What a book!

January 16, 2011

Review: The Red Pyramid

The Red Pyramid (Kane Chronicles, #1)The Red Pyramid by Rick Riordan
My rating: 3 of 5 stars

The Percy Jackson books were OK for me (my son and daughter both really like those) and this was described to me as “Percy Jackson but with Egyptian myth.” And it kind of is, but I liked this one a little better.

I did not care so much for the device of alternating chapters between the Kane siblings, Carter and Sadie, recording the events of the story for you to “listen” too, as the narrative unfolds in such a way that you wouldn’t tell it that way if you were recording it, but I don’t think a kid’s really going to notice or care. That said, that did allow Riordan to develop two main characters really well. Carter and Sadie are both quite distinctive, with both having important roles in the story and not being in the shadow of the other (eg, neither cliche of Sadie being overshadowed by her big brother or Carter is outdone by Girl Power of little sis is present here). Each needs the other’s special skills and abilities.

Overall, this will be a great read for kids and a nice “in between books” read for adults (actually, it’s much better than a lot of adult level books you could read). And while it may look thick, the chapters move quickly and the final battle (there’s always a final battle) will keep you turning pages.

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January 8, 2011

Review: Towers of Midnight

Towers of Midnight (Wheel of Time, #13; Memory of Light, #2)Towers of Midnight by Robert Jordan
My rating: 4 of 5 stars

The Wheel of Time series is back and has shaken off the sloggy funk it was in from Winter’s Heart clear through to Knife of Dreams. Gone are many of the entire physical descriptions (hips and bosoms for women, mustachios for men) and life histories of characters whose only role was to utter one line and then exit the story. Now there are battles and skirmishes and political machinations and plots that actually seem to advance the story. And the Last Battle is no longer the talked-about thing it’s been for the past 13 books, it is here.

Some people I know liked The Gathering Storm, the last book, more than this one, but, while I enjoyed Gathering Storm, I enjoyed this one much better. I found myself anxiously waiting to either go to work or leave for home at the end of the day so I could hear what happened next (obviously, I had the audio version).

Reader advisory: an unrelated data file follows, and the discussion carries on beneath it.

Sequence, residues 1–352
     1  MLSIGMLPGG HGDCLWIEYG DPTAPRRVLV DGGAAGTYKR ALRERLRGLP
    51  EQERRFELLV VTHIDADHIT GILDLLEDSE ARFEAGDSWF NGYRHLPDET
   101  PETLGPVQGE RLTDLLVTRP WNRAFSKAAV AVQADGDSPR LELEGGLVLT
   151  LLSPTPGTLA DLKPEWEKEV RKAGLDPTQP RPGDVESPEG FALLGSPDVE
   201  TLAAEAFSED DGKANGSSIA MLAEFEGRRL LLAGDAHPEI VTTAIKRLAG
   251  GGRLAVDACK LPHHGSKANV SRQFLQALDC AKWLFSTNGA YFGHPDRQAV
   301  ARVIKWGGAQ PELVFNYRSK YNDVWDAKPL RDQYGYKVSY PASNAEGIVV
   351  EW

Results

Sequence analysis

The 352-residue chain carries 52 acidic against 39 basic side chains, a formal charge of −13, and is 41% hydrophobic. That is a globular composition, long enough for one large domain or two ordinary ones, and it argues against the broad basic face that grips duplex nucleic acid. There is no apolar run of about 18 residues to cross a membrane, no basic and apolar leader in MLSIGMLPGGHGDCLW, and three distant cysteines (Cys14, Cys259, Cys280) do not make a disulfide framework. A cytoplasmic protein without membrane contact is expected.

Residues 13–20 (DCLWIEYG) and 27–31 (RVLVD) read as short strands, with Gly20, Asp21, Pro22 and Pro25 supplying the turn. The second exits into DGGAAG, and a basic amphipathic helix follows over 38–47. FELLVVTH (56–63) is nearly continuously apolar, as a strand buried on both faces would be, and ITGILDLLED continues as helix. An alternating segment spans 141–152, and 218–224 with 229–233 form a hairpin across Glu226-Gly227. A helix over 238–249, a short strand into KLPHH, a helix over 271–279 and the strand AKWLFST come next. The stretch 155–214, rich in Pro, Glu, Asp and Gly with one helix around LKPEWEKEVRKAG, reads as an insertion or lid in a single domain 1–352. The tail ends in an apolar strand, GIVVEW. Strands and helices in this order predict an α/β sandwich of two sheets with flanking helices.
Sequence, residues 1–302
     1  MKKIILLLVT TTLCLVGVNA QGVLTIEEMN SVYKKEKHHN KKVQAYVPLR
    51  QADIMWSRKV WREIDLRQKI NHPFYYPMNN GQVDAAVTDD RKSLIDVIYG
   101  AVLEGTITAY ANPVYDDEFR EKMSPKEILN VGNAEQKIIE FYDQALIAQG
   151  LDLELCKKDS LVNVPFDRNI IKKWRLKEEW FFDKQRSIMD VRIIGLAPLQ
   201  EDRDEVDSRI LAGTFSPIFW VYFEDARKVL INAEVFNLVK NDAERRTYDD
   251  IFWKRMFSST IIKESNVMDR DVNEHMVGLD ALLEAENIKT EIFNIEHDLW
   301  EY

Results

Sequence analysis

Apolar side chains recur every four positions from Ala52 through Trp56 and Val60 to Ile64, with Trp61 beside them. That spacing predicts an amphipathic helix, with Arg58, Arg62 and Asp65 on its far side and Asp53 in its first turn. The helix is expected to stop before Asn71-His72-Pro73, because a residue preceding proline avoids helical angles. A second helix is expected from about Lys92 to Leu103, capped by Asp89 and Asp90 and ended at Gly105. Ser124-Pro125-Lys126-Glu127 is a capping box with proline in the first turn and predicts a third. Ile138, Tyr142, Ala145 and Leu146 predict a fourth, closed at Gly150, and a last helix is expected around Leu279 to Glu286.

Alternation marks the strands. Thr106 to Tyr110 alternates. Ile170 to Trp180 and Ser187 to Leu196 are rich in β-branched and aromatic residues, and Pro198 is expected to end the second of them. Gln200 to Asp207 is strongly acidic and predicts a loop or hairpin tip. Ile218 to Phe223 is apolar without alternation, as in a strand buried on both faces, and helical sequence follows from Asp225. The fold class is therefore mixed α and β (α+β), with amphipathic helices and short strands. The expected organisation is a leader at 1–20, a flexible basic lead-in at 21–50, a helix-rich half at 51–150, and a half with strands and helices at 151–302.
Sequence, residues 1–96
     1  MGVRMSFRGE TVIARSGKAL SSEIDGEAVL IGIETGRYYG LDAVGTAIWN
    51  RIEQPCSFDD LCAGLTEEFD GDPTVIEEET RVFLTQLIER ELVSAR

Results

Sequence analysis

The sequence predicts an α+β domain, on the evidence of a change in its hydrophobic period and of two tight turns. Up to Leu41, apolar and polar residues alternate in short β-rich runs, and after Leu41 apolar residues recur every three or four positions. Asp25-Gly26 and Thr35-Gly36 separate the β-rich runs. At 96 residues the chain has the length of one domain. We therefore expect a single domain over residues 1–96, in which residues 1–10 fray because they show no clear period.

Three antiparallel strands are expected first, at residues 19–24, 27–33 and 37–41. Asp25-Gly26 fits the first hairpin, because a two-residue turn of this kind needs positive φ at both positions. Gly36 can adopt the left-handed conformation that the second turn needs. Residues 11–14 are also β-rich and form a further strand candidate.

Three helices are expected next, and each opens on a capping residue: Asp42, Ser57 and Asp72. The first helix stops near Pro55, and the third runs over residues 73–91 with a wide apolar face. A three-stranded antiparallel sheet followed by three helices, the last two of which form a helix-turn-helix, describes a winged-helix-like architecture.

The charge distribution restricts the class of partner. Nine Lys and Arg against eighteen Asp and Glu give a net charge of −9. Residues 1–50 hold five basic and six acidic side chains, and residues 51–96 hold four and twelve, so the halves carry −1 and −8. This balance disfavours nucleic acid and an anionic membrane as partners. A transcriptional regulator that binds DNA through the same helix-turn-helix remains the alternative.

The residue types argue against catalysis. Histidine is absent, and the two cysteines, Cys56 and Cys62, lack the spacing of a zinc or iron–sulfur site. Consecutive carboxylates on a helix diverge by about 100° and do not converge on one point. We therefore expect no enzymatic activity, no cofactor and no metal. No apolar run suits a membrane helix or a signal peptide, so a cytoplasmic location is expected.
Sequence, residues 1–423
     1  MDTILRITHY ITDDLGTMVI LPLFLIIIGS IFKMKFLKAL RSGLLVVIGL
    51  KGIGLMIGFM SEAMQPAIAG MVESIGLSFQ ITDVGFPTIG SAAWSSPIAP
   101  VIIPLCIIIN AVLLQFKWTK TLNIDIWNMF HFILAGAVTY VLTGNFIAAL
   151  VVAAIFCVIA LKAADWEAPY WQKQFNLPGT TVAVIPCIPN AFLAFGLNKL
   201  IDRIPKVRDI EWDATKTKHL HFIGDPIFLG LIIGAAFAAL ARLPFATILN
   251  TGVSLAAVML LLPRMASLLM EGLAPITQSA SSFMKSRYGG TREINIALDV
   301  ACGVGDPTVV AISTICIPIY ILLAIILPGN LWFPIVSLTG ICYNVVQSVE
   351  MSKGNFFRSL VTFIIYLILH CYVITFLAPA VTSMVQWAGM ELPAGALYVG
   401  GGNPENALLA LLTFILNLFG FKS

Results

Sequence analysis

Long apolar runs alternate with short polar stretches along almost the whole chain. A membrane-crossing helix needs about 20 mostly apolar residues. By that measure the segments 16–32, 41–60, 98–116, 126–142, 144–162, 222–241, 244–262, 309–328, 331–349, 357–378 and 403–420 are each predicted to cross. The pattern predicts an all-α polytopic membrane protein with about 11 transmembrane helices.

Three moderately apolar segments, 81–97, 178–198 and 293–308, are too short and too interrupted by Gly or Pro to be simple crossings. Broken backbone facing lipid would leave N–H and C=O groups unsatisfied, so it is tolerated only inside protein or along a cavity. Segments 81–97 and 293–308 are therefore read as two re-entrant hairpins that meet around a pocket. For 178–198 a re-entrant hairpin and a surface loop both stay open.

As promised by the supernatural effect of ta’veren Rand,, Mat and Perrin, all the storylines and characters are coming together, so this penultimate book in the epic series is a satisfying setup to the finale, A Memory of Light, which, I have read, is due out next year.

Michael Kramer and Kate Reading once again read the audio version, switching off based on the character being followed by the narrative. Each gives an excellent, un-self-conscious performance (and let’s be honest, nerds, reading fantasy out loud can easily make you feel self-conscious) and I marvel at how they have managed to, over 13 books, keep true to the accents of the different nationalities, races and creatures they introduced in the first book.

If you dropped the series for the same reasons I was thinking of dropping it, force yourself through the sloggy bits so you can get to the end. You’ll be glad you did.

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December 29, 2010

Stephen King: “Under the Dome”

Filed under: Authors,Science fiction,Stephen King,Stephen King — ukmelia @ 11:31 am
Tags: , ,

I have not read any new Stephen King novels for quiet some time. He sort of lost me with Tommyknockers and from then on out I just stuck with re-reading old favorites like The Stand and Eyes of the Dragon.

But Under the Dome caught my eye at the bookstore and the price was right and I vaguely remembered a positive tweet from author Neil Gaiman about Stephen King (at the time, I thought the tweet was about this book, but later learned it was for a newer one but by then, I was sucked into The Dome. So thanks Neil, for inadvertently getting me to read Stephen King again.) so I bought the monster-sized book and settled down to read.

Under the Dome is the King I love. The one who takes his time developing characters and adding layer upon layer into a story until you are so completely absorbed that you find yourself thinking about the characters when you’re not reading. You worry about some and hope others get their come-uppance in the end. Most of all, you want to find out what the hell is up with the Dome? He keeps you guessing on it for over a thousand pages but it’s okay, because there’s an entire town full of people who will keep you turning those pages.

The premise is really quite simple: What happens to a small New England town when an invisible-ish barrier is dropped onto it?

What I loved most about this book is it is not a full-on horror story like It or Pet Semetary. I’m not saying I don’t appreciate it when Stephen King gets freaky with the things that can scare you like clowns and zombified relatives. But as I’ve grown older, I’ve discovered what King is really – I mean really – good at is the character study. Stories like Shawshank Redemption and Stand By Me are where he really shines. Even The Stand, which is my all-time favorite King story is more about the characters than the God/Devil thing.

Under the Dome delivers on just about everything I used to love about King’s writing and I’m so happy I found him again.*

So from me, this book gets five out of five stars. Go find it if you haven’t already read it (it came out in 2009, so it’s not new or anything) and settle in for a good, long stay inside the Dome.

It also looks like the book may be getting the miniseries treatment which could be a good thing or a bad thing. King’s track record for his stuff translating well to the small of big screen is spotty. But for every Dreamcatcher, there is The Shining. For every Langoliers,  there is a Misery. So there is hope – especially since Spielberg may be attached to the project…